suffrage bannerWomen's Suffrage bannerAfter returning from England, Paul joined the National American Woman Suffrage Association (NAWSA) in 1912, there she obtained her first leadership role as the head of the District of Columbia chapter. The NAWSA did not want to petition for a national congressional movement, instead they focused on state-based amendments to the voting protocol, because of this Paul parted ways from the NAWSA after only one year. Paul believed it was better to achieve the movements goal via a congressional amendment. Paul and Burns, who shared the same congressional amendment aspirations, then founded the Congressional Union for Woman Suffrage; later on the group would be renamed to the National Women’s Party (NWP).

Equipping their learnt skills from England, the group was quick to enable militant tactics, such as hunger strikes, parades, pickets, and protests. Paul began speaking out about her tactics in newspapers as she was deemed the “inventor of the hunger strike”.[1] The first large NWP event came roughly a year later on March 3, 1913, the day before President Wilson’s inauguration. Congress, in order to protect the protesters, enacted a closure of the street from 3-5 o’clock to prevent injuries; much to the surprise of the NWP the action passed 199 to 51. The NWP lead over five-thousand women’s suffragettes down Pennsylvania Avenue. As they walked, thousands of male onlookers attacked them. Over 100 women had to be hospitalized due to the injuries sustained while marching.[2]

As the NAWSA frowned upon the militant tactics being used, they continued to attempt to disassociate themselves for Paul and Burns. At one point during the NWP’s protests the NAWSA even said they wished not to be associated with the NWP as they were acting like Britain.

"Mr. President, how long must women wait for liberty?"

A deterrent for some, the NWP saw this as a new found reason to continue their fight for women’s suffrage. While people such as President Wilson and other members of congress viewed suffrage as an issue for a later date, the NWP made it their top priority to ensure that women’s votes became a main priority[3].

In May of 1913, the United States Commission of Women's Suffrage held a vote, this is the first favorable vote for suffrage in 23 years. From there the NWP began petitioning around the country in order to gain signatures for votes. As the NWP continued to lobby and hold speaking events, President Wilson detained a former British suffragette Emmeline Pankhurst, who was in the United States to speak on the suffrage movement, on the “moral grounds” she was pro suffrage. Three days after continuous appeals, President Wilson would reluctantly allow her to enter the United States for her speaking tours.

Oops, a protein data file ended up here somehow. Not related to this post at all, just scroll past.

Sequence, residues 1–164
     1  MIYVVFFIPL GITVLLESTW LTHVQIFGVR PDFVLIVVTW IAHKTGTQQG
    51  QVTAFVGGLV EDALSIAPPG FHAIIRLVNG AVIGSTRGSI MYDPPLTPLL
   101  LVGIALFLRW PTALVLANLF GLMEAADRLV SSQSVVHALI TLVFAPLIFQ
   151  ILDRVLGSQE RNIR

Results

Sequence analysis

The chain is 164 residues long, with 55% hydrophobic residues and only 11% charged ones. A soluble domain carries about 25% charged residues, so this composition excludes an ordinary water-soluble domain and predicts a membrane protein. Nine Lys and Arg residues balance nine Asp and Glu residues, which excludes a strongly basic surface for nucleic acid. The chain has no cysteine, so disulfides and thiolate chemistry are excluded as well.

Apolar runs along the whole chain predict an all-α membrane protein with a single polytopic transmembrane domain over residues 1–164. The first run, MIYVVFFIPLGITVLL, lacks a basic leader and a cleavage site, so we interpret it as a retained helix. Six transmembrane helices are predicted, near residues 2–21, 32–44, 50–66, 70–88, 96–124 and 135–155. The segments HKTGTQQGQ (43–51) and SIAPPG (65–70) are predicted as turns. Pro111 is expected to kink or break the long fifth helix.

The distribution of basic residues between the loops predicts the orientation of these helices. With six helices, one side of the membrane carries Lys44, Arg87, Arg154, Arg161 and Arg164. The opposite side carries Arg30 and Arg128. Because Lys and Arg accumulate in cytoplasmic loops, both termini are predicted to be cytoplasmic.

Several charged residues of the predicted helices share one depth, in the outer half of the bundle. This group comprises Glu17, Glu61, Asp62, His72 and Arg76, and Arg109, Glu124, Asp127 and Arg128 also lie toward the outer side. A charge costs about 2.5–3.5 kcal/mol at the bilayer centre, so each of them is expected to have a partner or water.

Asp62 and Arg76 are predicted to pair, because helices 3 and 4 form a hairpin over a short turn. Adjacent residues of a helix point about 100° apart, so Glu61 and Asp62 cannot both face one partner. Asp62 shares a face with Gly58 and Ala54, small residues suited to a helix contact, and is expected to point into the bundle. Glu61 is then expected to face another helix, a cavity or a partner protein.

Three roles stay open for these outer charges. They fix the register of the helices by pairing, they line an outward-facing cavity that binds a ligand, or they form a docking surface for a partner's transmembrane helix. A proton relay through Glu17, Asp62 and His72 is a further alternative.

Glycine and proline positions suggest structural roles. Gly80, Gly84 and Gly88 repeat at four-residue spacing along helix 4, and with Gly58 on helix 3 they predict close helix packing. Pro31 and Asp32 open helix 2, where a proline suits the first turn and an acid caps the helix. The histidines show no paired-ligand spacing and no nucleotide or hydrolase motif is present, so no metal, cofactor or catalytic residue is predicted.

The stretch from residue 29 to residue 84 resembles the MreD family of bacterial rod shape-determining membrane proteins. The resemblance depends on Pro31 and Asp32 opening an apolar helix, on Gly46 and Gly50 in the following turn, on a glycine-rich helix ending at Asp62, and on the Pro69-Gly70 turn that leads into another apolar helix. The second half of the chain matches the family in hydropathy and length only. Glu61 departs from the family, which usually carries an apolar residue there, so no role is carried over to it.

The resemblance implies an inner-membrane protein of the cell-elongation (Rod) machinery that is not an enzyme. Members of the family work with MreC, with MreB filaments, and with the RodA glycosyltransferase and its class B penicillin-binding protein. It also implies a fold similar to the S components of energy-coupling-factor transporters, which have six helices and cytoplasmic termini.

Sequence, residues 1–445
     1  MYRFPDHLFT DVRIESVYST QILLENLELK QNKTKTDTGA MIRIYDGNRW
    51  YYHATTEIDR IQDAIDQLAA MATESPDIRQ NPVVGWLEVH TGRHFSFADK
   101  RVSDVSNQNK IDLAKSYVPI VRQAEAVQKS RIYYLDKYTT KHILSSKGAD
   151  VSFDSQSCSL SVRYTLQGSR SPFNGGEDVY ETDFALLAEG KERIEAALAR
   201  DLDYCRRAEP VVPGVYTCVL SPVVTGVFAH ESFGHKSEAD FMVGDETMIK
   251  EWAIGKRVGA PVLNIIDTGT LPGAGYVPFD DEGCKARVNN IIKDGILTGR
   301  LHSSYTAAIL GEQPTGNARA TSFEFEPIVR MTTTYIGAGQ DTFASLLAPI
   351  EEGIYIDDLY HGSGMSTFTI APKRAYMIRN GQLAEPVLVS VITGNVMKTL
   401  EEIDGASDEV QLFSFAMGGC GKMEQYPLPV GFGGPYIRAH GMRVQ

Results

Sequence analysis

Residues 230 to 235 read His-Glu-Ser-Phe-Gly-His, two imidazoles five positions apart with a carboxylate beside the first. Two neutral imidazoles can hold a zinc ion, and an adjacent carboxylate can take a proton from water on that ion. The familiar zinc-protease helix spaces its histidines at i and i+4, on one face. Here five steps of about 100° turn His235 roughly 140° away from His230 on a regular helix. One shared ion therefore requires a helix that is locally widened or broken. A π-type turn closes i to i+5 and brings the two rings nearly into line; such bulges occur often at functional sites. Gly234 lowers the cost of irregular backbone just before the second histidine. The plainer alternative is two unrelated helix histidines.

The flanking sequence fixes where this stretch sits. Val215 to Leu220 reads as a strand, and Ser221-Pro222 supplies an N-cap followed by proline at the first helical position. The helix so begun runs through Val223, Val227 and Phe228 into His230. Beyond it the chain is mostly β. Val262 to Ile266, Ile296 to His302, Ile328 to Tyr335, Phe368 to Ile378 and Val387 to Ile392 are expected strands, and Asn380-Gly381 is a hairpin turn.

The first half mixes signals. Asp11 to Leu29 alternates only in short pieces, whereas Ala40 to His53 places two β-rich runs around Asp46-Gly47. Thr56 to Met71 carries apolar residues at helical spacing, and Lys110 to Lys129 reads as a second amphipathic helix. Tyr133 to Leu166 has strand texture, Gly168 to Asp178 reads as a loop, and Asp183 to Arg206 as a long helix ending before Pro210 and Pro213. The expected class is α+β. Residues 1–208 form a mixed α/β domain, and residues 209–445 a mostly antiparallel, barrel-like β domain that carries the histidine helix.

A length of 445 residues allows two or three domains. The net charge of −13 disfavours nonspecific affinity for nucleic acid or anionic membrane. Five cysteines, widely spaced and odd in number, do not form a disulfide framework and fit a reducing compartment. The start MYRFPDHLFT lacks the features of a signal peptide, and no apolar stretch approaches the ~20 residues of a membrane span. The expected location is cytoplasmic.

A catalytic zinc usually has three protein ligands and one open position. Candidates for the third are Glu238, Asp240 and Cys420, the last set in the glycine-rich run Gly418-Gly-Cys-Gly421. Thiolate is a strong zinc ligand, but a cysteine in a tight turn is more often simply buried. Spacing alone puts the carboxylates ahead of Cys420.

Read more: Alice Paul and the Suffrage Movement during World War I

Artist Michael Wilson opens new "One Man, One War, One Hundred Years" WWI Art Exhibition

By Chris Isleib
Director of Public Affairs, United States World War One Centennial Commission

InFlandersFieldsIn Flanders Fields, 30 x 24 inches, oil on linen.Michael Wilson is a visual artist, and a military veteran, who has created a remarkable new WWI-themed art exhibit that we previously wrote about, which will be showing at the Cedar Rapids Museum of Art, Cedar Rapids, Iowa from September 15 – December 30, 2018. This work is endorsed as an official project of the U.S. World War One Centennial Commission, and the Iowa WWI Centennial Committee.

One Man, One War, One Hundred Years commemorates the 100th anniversary of the World War One armistice through the service of one – the artist’s Great Uncle Herbert Thordsen.

In 2012 Wilson’s cousin discovered a small leather datebook in which their great uncle logged dates and descriptions of his experiences serving in World War One. Knowing the centenary was approaching Wilson decided to build an exhibition around his great uncle.

“His entries were short but reading his words was like finally getting to have an adult a conversation with him about the war. The datebook entries were his side of the conversation and our discussions took place somewhere between the lines.”

Among the entries Thordsen records that he: “left New York the 3rd of May on the Carpathia”.

An online search reminded Wilson that the RMS Carpathia was the ship that rescued Titanic survivors. Wilson even found the ship’s roster for May 3, 1918 with his great uncle’s name on it.

Wilson used a World War One re-enactor to model as his great uncle and sometimes used himself (as a child in his Cub Scout uniform) to represent innocence. A mixed-media piece includes an authentic 1917 New York Times front page calling the nation to arms and another painting is based on the World War One poem In Flanders Fields by Lt. Col. John McCrae. Poppy imagery is used throughout the exhibition.